Theatre Manager – Sally
It’s been a long journey and a winding path as to how I arrived at the Blakehay Theatre but I believe that everything happens for a reason and all the skills that I have learnt along the way have come in useful!
Performing has always been part of my life and I was very young when I started performing on stage, although I am not sure of the exact first time.
Throughout my younger years I was lucky to perform in many productions on Stage, Television and Film in both amateur and professional productions.
During this time I was also a part-time teaching assistant and worked in both the retail and care sectors.
I moved away from Weston-super-Mare in 1998 and became the manager of a retail shop and then a community care worker and stopped performing and dancing for about two years. I really missed the life of performing and especially dancing, but with the long hours of working I was unable to fit in classes or rehearsals. I decided that I would change my job so that I could get back to performing, and I was offered a job as a full-time secretary for a small local company in early 2000. Thinking that this would mean that I had evenings and weekends to do what I loved.
I started teaching Street Jazz and Contemporary Dance for a young adult group for a local dance school and we did a couple of local shows. Through this I was approached by the local Stagecoach Theatre Arts franchisee and in April 2000 my teaching skills came into place and I started teaching in Taunton as an Early Stages teacher, teaching dance, singing & drama to 4-6 year olds, on a Saturday. The franchisee then opened the Weston-super-Mare school and I was asked to be the dance teacher for a Sunday morning.
I then stopped teaching at the local dance school as within six months of being at my full-time job I had been promoted from secretary to office & sales manager. The company made to order hand-carved four poster beds and furniture for very wealthy and famous people all over the world, and I built the company website and managed the customer orders, deliveries and designs. I learnt a lot about business during my time at this job including import and export and we branched out into supplying the film and television industry with set pieces (but this is a whole other story!)
A year later Stagecoach opened the Bridgwater school on a Thursday evening and another Weston-super-Mare School on a Wednesday evening, and I was offered the post of dance teacher for these schools. In 2004 our Sunday morning school moved premises to the Blakehay Theatre when it was taken over by Weston-super-Mare Town Council.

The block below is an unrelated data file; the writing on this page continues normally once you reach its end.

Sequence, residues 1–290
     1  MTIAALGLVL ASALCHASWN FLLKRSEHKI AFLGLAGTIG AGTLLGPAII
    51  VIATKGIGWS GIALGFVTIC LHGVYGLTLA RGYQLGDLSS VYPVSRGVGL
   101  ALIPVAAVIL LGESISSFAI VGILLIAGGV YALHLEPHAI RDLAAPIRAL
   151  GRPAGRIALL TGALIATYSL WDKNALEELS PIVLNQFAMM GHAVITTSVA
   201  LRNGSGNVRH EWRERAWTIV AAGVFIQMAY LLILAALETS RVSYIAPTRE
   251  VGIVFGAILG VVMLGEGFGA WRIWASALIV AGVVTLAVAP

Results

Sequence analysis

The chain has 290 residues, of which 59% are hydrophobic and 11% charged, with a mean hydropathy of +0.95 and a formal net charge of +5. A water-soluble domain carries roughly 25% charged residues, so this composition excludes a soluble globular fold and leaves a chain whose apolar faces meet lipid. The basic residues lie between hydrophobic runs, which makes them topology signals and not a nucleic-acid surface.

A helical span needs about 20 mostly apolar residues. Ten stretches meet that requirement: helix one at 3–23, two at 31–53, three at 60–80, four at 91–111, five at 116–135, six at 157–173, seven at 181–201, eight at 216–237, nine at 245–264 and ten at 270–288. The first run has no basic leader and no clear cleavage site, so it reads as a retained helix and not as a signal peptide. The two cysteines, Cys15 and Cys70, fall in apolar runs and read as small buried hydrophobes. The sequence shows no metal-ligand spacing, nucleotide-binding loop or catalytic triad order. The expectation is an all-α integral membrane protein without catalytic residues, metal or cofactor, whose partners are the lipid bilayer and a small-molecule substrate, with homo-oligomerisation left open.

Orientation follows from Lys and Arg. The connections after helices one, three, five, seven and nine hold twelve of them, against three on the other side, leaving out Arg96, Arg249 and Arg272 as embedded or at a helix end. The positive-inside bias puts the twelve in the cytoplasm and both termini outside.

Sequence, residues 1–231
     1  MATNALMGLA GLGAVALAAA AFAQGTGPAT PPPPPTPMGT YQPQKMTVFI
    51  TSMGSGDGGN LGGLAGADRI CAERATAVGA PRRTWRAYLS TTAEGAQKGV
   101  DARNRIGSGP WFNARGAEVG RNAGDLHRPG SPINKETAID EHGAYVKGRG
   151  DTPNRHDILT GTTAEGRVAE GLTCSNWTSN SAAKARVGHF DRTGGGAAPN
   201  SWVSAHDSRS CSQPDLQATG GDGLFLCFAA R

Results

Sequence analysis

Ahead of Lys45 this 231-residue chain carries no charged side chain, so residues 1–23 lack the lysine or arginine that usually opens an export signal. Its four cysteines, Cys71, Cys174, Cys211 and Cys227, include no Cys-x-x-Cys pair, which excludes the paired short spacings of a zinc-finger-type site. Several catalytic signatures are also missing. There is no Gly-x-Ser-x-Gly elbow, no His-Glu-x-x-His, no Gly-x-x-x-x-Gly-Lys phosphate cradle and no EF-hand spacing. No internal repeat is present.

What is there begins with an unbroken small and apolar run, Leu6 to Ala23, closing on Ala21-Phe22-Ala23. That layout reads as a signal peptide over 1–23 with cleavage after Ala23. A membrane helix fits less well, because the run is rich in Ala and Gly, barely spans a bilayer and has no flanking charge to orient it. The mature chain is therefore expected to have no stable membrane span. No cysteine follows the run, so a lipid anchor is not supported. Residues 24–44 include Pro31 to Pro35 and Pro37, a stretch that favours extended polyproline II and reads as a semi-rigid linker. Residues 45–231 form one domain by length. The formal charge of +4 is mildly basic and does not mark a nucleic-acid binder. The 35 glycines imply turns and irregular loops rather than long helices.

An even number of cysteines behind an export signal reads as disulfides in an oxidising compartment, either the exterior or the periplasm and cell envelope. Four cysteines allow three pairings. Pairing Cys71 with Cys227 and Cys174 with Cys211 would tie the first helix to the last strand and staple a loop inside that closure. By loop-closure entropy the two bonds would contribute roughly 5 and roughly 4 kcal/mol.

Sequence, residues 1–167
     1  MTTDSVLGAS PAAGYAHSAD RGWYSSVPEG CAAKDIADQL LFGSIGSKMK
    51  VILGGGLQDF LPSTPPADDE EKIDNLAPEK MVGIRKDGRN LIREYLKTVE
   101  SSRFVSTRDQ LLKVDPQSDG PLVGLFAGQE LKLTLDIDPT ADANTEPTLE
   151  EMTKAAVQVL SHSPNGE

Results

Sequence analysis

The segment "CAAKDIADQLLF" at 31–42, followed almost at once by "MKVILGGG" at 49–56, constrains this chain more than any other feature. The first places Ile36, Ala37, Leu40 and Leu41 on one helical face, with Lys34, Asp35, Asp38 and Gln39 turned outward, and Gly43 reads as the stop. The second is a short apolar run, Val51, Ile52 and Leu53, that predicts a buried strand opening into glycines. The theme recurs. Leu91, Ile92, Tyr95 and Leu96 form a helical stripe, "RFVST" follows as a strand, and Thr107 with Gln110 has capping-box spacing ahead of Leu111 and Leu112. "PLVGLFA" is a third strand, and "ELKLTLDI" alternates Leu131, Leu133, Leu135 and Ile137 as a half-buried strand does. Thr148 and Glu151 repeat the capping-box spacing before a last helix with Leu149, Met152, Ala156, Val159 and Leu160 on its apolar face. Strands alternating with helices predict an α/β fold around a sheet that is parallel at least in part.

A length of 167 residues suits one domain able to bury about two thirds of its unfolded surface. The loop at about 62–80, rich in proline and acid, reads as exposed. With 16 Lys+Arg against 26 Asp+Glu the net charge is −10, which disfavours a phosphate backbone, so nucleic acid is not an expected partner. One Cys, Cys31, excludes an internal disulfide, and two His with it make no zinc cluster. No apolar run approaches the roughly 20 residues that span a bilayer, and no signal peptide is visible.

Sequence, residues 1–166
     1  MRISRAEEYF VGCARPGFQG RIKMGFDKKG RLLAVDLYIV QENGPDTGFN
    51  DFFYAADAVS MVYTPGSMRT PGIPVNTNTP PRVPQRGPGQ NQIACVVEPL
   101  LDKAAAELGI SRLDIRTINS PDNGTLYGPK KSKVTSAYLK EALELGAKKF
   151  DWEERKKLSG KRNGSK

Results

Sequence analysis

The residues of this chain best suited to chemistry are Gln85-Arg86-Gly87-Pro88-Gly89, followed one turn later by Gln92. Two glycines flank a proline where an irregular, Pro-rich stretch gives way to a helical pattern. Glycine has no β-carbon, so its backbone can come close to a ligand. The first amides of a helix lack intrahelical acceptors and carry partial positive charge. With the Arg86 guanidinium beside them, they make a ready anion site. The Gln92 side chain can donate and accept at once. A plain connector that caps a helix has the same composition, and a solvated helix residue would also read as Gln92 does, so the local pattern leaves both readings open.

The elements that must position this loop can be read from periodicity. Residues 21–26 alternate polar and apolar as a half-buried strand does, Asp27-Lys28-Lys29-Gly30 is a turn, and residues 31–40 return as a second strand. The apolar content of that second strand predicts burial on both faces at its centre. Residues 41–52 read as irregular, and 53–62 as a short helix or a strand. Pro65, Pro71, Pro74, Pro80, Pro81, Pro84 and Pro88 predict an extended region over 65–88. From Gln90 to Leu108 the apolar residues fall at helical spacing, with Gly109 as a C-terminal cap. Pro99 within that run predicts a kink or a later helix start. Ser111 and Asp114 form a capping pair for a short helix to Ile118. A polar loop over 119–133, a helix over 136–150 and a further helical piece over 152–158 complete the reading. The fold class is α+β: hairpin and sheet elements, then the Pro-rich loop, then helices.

I was still working full time and teaching part-time. This continued until Mid 2007 when I had my son, and after he was born I made the decision to not go back to my full-time job, but would carry on teaching part-time.
This then opened up a whole new revenue of teaching that came my way across the whole of the South-West and I was teaching for local colleges, Sainsbury’s Active Kids, a local Ballet school and a synchronised swimming team (just dance!), as well as continuing to teach for Stagecoach and provide admin support for them. Alongside teaching I was also producing, marketing, choreographing and directing shows.
In September 2008 I started my teacher training part-time and during this, I also started teaching at Bridgwater College on their new Creative & Media diploma and I graduated in July 2010.
At the beginning of 2011 I decided that as my son was due to start school in the September and I was tired of sitting at the M5 junction trying to remember what day it was and whether I should be going north or south! That I would start looking for a full-time job by the end of the year.
I had seen that the Blakehay Theatre was going through a lot of changes with the foyer and bar area being renovated and could see the potential in the building. So I contacted the Town Clerk and Town Council and asked if I could be involved in anyway and I would love to be involved in anyway with such a lovely building.
It turned out that there was a position coming up for Theatre supervisor, (although this was a bit earlier than I was looking for and i had no experience in running a venue), I decided to go for it. At the same time I was approached about buying the franchisee for the area for Stagecoach and so I went to the Stagecoach Head Office to be approved as a principal and to look into the possibility of becoming a franchisee.